"I suppose I created a false reality for the rest of the world."
"I didn’t post about the friends who drifted away, who moved on with their lives."
"Instead, I created a false happiness."
"The truth is no one wants to see a sick and suffering child.  It is too hard, too heartbreaking and too emotionally draining."

What caught my attention about what this mom was saying was that she felt she couldn't honestly report how her day to day life was for her, her sick child, and her family while her son was battling cancer. She gave her support community updates through social media but in a way the messages were scrubbed or sugar coated. I absolutely understand her need to do this and also respect the fact that she is now expressing some of the psychosocial issues she faced and my hunch is still does today. 

Why do we sugar coat? We sugar coat because if you saw the actual reality of what we witnessed no one would read our postings! I would like to think that when I wrote Mattie's blog (while he was in treatment) that I was being somewhat honest with our support community. But I do know that I typically did not post disturbing photos on the blog (and believe me I could have posted many) and I still remember my running joke with some close friends. My joke used to be that I report about 80% of things on the blog, but the other 20% I kept to myself (I did this because what I would have reported would either be that horrific or in telling the reality or the truth, would have hurt my readers' feelings). 

I think as a society and even within the childhood cancer advocacy space, we are so used to just sharing the FACTS. The facts being the MEDICINE, and the medicine only. We seem very cautious about delving into how the medicine makes our child and us feel! Yet these are also vital facts that need reporting because how you are emotionally will translate into how you are physically. Any time a parent sheds light on psychosocial issues and concerns, I want to give them a GOLD star because it helps to break down some invisible myth that these issues are not as important as the medicine or worse that these issues don't exist. THEY EXIST and if we want them treated and managed effectively MORE OF US need to start talking about the psychosocial impact of cancer. We need to give words to the psychosocial pain and long term ramifications of treatment. No longer is it acceptable to stifle these thoughts and feelings, and yet what do I constantly hear parent advocates speaking up about..... the funding of biomedical treatment... in hopes for a cure.  

I am perplexed why fellow parents do not promote and advocate for comprehensive cancer care, to include psychosocial care. I am confused because these are the same people who live and breathe cancer and they know how cancer as affected their family emotionally, socially, and psychologically. What's the fear? Or is it that no one has given them permission to talk about these issues freely? Does admitting that psychosocial issues arise make the child/family seem weaker in the eyes of others?

So why isn't this freely discussed. I figure it isn't discussed for two reasons: 1) Childhood cancer is a nightmare of a topic. It is hard enough to talk about the physical issues and the treatment, but adding that the treatment makes children develop mental health issues would be deeply depressing and sad to hear about. We don't handle SAD well as a society and we certainly do not manage chronic and long term issues well either. Which is what psychosocial concerns tend to be. You can't throw a pill at a psychosocial problem, it is much more complex than that in order to produce effective change!  2) The simple and most frustrating reason though is that there is still great stigma associated with having mental health issues. In general society shies away from discussing such clinical issues. But they are indeed very real and also very pervasive in the childhood cancer space. In my opinion the clinical issue to be worried about is not the diagnosis of a mental health problem, but rather the un-diagnosed and festering issues that go unaddressed and misunderstood.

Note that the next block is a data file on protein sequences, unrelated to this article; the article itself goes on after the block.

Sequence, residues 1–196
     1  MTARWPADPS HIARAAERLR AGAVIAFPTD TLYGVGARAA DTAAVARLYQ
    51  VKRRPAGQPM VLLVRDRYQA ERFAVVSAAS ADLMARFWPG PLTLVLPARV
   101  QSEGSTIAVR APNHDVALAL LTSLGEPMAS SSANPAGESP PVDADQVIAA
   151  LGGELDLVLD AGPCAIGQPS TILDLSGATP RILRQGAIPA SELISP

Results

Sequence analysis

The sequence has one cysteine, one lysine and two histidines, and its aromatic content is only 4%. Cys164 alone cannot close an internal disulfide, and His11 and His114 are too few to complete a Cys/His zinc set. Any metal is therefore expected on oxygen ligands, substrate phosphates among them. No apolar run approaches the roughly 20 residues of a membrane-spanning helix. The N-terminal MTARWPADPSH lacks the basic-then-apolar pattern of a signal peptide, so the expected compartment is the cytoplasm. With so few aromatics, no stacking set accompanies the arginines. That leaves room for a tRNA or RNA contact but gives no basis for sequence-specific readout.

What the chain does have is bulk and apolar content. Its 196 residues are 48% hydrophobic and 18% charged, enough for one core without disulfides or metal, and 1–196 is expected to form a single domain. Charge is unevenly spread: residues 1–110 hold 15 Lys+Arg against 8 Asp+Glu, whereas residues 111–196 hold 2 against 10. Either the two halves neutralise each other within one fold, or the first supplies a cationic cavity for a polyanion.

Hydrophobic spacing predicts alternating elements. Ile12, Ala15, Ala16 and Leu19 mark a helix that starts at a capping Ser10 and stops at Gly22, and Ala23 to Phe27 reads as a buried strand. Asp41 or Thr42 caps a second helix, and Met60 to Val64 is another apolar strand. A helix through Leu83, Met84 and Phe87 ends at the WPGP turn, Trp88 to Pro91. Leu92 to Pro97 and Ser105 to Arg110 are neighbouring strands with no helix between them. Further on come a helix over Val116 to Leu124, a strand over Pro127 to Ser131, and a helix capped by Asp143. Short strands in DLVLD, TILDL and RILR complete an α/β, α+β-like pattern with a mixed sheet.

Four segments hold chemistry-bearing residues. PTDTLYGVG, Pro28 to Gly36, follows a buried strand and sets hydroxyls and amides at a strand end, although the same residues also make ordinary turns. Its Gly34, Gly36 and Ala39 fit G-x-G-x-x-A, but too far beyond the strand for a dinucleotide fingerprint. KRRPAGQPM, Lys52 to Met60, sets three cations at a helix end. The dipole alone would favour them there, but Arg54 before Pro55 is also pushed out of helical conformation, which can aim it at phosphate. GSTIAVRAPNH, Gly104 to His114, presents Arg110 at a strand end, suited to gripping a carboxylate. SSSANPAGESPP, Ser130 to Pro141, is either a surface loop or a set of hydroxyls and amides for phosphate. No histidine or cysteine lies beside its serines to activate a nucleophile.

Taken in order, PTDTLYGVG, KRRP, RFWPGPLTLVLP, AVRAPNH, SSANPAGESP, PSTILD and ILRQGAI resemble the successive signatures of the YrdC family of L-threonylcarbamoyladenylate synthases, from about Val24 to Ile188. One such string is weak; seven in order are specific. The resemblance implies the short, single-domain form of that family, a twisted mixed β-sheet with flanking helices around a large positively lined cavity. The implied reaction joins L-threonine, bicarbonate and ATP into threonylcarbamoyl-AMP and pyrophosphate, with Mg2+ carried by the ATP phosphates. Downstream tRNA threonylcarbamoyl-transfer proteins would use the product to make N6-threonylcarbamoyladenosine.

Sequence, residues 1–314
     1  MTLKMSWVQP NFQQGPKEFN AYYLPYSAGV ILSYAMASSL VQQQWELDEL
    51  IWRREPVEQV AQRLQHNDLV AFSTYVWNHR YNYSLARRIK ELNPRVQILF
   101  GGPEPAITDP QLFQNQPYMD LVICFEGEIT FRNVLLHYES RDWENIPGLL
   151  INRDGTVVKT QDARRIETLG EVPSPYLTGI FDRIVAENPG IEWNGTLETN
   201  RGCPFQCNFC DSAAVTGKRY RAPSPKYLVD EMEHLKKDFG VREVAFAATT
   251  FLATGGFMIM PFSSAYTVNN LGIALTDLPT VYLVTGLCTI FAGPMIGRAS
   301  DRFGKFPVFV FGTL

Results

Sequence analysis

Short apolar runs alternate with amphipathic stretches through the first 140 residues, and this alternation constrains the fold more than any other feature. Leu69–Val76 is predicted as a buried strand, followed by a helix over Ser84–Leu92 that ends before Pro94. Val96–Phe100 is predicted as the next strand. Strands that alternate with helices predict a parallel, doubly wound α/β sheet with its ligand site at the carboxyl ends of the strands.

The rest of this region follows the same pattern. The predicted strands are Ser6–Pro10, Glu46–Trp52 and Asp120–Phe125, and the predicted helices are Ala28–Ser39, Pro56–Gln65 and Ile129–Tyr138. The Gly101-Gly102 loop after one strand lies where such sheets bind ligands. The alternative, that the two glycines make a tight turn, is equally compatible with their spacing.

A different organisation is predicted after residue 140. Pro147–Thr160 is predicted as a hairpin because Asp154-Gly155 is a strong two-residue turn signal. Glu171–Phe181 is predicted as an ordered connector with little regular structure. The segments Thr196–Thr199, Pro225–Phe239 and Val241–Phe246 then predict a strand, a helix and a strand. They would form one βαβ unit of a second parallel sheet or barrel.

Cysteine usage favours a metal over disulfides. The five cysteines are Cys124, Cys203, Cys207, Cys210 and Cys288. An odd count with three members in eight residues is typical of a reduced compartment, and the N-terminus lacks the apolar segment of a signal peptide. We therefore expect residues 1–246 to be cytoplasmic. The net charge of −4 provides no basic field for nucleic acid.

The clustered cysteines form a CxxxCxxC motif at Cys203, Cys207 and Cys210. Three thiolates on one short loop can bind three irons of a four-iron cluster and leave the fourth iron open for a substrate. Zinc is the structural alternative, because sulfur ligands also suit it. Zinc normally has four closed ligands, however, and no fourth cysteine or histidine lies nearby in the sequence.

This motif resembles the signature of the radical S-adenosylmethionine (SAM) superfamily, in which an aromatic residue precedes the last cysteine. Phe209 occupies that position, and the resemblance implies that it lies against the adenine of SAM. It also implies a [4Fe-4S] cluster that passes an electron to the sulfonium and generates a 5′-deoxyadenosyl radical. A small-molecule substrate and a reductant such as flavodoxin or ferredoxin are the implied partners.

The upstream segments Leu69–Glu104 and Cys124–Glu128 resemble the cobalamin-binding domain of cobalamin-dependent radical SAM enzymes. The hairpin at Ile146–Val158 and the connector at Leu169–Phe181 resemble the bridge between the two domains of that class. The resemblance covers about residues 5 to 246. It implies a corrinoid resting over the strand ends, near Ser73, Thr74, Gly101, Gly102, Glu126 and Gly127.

As strong as the weakest link:
https://climbingupthepolkadottree.wordpress.com/2014/09/19/as-strong-as-the-weakest-link/

September 20, 2016

Tuesday, September 20, 2016


Tuesday, September 20, 2016 --- Mattie died 366 weeks ago today.

Tonight's picture was taken in September of 2005. Mattie was three years old and enjoyed going out on the weekends for nature walks and then a picnic. Not something that I would have ever done without Mattie in our lives. 


Quote of the day: Dogs are not our whole life, but they make our lives whole.Roger Caras


This afternoon my friend Peggy came over to meet Sunny. I had no idea she was coming with a bag of goodies for both Sunny and Indie. Peggy brought a lot of happiness into our home today. 

Sunny is a great dog, but came to us with NO concept on how to play. We have been working with him on this. Peggy brought Sunny two orange toy balls today and encouraged Sunny to fetch. To my amazement Sunny chased the ball and brought it back to us. He loved the engaged, not to mention watching the ball bounce. He practically bounced right along with it!


Peggy brought sunny this hard edible bone stuffed with marrow. This bone was a hit and will keep Sunny busy for weeks!
Peggy also brought Sunny a stuffed bear. Peggy just did not give it to Sunny, she really introduced Sunny to the toy. Told him it was his and then literally encouraged him to grab it and play with it. It worked! 
My friend Margy, brought this orangey bone to Curefest on Sunday. Sunny was overwhelmed from heat at Curefest, but I was happy to see him so playful today! 

Sunny is coming into his own and I am proud to report that Indie is freely moving about, playing, interacting with us and even Sunny. They are finding a way to tolerate each other and hopefully one day become friends! They are both such loving animals that I believe it is only a matter of time!